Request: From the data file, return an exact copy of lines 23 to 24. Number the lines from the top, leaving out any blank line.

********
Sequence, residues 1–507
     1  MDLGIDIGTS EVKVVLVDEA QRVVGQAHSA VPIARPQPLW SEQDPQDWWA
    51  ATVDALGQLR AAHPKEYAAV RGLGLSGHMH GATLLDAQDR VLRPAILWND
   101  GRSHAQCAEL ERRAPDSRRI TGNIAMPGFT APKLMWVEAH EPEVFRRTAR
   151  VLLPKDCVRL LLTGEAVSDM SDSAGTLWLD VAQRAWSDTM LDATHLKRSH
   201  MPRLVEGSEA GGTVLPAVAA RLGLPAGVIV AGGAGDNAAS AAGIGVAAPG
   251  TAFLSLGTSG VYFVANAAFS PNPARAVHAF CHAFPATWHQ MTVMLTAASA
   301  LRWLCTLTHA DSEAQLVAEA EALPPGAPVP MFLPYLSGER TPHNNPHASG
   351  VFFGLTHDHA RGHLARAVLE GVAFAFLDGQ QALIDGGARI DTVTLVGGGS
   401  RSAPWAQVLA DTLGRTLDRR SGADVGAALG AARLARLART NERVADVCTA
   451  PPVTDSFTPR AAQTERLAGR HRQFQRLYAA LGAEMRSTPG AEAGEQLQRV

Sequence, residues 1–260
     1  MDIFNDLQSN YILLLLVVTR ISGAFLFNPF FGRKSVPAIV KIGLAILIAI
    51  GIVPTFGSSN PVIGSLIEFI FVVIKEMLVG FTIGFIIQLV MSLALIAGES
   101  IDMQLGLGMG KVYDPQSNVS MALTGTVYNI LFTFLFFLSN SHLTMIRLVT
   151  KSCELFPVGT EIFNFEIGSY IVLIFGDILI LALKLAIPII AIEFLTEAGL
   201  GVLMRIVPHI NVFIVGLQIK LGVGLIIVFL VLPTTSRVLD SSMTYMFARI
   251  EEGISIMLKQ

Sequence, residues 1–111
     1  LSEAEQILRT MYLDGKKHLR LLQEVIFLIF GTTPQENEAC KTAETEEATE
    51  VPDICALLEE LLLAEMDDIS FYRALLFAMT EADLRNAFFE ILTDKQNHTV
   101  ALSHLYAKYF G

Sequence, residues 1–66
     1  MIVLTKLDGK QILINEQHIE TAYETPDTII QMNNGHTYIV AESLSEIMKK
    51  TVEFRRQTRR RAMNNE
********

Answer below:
Sequence, residues 1–66
     1  MIVLTKLDGK QILINEQHIE TAYETPDTII QMNNGHTYIV AESLSEIMKK